Did I say I’d be posting solely about Bombur? Apologies. But after a last minute reconsideration, I deemed it fit to categorize these profiles appropriately into groups – as I had done in the introduction here . Thus, it’ll be easier for you, dear reader, to follow these posts; as well as learn, once and for all (if you haven’t already), all the names of the Dwarves and to whom they belong.
– Bifur: The looney dwarf (… with the axe in the head)
Unlike the film version, Bifur does have a speaking role once or twice in the book – and when he does, it’s in plain English. The film-makers, however, decided to give Bifur a different element to his character, making him somewhat slightly crazed and Khuzdul-centric. In ‘An Unexpected Journey’, we have already witnessed some of his sudden bizarre behaviours, strongly distinguishing him from the rest of the Company – not least for his ability to communicate entirely (and solely) in the Dwarvish language.
All this is mainly due to that (not-so-tiny) axe embedded in his head. Clearly some “scar” from a previous engagement, the wound has left Bifur permanently subjected to his slightly “out-worldly” behaviour – nonetheless, one that certainly provides more depth and breadth to the whole range of characters in front of the screen. To be honest, during the production of these films, I found the axe-issue to be rather ludicrous. From a few Vlogs we had been presented with, it looked preposterously large and seemed to be distracting the whole facial performance of the actor (William Kircher).
However, either because I’ve become immune to it or for some other inexplicable reason, when viewing ‘An Unexpected Journey’ for the first time, it was barely noticeable. It’s probably the fuzzy hair though – which seems to overflow on top of his wound and “cover-up” some of the enormity of the axe.
Meanwhile, Kircher has stated that there is a very interesting and emotional back-story behind his wound and hopefully we will be given this insight in ‘The Desolation of Smaug’.
– Bofur: The Irish one
Tolkien does not provide us with much background information on most of the Dwarves in the Company. Naturally, due to the nature of any book, neither does he describe each of the Dwarves’ speaking accents. In fact, most of the characters barely have a line or two in the entire novel – making it difficult for any reader to understand further their motivations and specific characteristics.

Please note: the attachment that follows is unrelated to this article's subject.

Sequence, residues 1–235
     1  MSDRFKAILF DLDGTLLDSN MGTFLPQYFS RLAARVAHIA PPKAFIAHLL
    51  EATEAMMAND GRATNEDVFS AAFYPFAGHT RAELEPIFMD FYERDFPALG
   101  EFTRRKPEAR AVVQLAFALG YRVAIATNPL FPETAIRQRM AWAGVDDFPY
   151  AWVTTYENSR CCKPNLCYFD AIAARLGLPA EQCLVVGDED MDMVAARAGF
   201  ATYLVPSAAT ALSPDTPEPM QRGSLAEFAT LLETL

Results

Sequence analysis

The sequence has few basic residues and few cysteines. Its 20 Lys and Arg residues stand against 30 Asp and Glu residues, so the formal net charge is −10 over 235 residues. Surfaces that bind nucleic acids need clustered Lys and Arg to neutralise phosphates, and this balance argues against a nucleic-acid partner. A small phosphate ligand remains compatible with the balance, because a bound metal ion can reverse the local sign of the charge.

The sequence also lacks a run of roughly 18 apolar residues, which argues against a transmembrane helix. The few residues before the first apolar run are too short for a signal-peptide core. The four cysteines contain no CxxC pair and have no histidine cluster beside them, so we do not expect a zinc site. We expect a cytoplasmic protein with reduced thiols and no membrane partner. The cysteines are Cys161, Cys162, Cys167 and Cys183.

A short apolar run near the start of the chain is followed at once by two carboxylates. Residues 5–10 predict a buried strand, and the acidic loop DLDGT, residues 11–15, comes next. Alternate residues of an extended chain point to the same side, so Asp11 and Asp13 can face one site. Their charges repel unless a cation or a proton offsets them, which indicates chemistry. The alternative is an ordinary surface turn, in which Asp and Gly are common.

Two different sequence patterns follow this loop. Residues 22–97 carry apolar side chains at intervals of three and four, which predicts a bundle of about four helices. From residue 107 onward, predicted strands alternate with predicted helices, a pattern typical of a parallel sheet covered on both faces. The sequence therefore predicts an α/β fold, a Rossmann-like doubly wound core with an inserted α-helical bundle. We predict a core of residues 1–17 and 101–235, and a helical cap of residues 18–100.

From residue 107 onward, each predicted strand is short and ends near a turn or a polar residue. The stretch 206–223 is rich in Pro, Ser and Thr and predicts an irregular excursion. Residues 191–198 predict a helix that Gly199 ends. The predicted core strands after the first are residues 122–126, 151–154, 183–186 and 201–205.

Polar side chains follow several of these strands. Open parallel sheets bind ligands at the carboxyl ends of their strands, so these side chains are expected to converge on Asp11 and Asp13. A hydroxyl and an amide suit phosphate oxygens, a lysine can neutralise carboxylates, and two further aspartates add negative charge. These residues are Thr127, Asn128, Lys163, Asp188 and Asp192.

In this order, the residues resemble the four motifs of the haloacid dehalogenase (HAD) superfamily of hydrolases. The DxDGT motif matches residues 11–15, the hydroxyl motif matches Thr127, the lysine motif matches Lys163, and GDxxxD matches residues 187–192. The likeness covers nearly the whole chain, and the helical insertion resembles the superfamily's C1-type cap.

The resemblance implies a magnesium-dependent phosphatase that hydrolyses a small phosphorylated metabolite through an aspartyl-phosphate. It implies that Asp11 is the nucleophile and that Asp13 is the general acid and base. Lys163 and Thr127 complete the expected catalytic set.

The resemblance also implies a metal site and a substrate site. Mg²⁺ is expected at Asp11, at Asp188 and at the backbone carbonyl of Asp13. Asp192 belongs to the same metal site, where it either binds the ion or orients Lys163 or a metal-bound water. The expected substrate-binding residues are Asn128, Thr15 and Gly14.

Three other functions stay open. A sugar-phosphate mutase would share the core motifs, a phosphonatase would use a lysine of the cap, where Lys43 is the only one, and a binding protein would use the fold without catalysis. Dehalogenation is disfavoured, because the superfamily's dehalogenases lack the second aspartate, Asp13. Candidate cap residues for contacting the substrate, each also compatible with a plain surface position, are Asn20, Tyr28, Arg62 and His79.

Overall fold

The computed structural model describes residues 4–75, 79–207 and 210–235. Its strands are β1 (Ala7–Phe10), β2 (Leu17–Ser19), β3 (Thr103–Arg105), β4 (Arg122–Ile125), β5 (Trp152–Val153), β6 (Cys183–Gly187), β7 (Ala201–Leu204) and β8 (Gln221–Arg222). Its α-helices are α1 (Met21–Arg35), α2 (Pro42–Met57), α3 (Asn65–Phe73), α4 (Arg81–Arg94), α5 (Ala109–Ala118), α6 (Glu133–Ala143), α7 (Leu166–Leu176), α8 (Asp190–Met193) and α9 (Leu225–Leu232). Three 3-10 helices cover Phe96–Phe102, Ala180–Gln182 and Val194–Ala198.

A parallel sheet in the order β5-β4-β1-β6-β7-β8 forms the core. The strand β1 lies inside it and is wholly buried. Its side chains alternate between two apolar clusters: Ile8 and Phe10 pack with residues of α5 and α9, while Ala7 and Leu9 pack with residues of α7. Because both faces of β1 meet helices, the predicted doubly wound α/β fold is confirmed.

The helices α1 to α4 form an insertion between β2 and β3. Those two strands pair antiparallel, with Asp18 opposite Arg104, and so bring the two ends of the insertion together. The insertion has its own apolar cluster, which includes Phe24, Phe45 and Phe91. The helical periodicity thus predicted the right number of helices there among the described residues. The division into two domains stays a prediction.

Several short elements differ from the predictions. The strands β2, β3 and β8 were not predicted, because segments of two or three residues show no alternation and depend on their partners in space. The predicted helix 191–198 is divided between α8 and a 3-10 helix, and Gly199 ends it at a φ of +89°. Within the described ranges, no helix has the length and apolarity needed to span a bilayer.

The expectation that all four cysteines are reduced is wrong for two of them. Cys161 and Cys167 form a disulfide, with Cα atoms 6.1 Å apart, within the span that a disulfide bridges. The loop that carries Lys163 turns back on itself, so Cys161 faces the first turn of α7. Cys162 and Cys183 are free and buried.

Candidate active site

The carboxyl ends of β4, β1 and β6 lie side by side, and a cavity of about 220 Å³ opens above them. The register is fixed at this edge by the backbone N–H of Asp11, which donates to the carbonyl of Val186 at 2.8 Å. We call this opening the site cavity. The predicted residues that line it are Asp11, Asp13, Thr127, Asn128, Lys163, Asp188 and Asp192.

Therefore, it is only natural that the filmmakers have felt the need to distinguish. as much as possible. between each of the Dwarves. In case of Bofur (played by James Nesbitt), he’s the fun-loving, joke-cracking, Irish-accented dwarf.
As far as I’m concerned, the book gives us only one line by Bofur (does he?) and therefore, we can never be exactly certain WHO he is, except that he was Bombur’s brother and Bifur’s cousin.
Within the trilogy, alongside his brother and cousin, he is a miner from the Blue Mountains (and not descended from Durin’s line – as stated in the book). Nonetheless, just like any of the other dwarves, he is both a fighter as well as a comedic presence. Still, in terms of the films, he has so far been able to provide the necessary drive for Bilbo in a emotionally-stirring scene before their capture by the Goblins. As an audience, we learn through Bofur how the Dwarves have been without a home for years – condemned to a life of exile.
I’m very much looking forward to a rumoured scene of James Nesbitt singing a song in Rivendell in the upcoming Extended Edition of ‘An Unexpected Journey’ …
–Bombur: Everyone’s favourite grumpy dwarf
One of the major characteristic differences (so far) between the book and ‘An Unexpected Journey’, is the lack of dialogue given to this particular dwarf. Sure, in the novel he never talks more than a half a page (and when he does, it mainly consists of scattered lines here and there; most of the times grumbling about food – or lack of), but at least, it’s “something”.
What we have seen so far in the first films of the trilogy, is a Bombur described (in various movie companion books) as being a shy dwarf, solely bent on eating habits. The film-makers definitely got the second trait in-line with the book, as audiences have witnessed the several humorous moments Bombur has been involved in – not least, his table-breaking attitude in Rivendell.
Nevertheless, as with most dwarves, Bombur (Stephen Hunter) has been given an interesting set of fighting skills – particularly through the use of his deadly cooking spoon! It is difficult to assess how and whether he differs greatly from the book, since we have yet to see the evolution of his character arc.
Some viewers have claimed that, according to the DVD subtitles in ‘An Unexpected Journey’, there are a few instances where he has a line or two of dialogue. So far, I haven’t noticed this and here’s hoping that in the next two films we will be able to understand more of his motivations on the quest and start a friendship with Bilbo, which will pave the way for a very introspective scene between the two towards the climax of the story (probably in film three).
Meanwhile, in the next post we will be discussing another set of “triple” dwarves …
(Images taken from the ‘Heirs of Durin’ site here)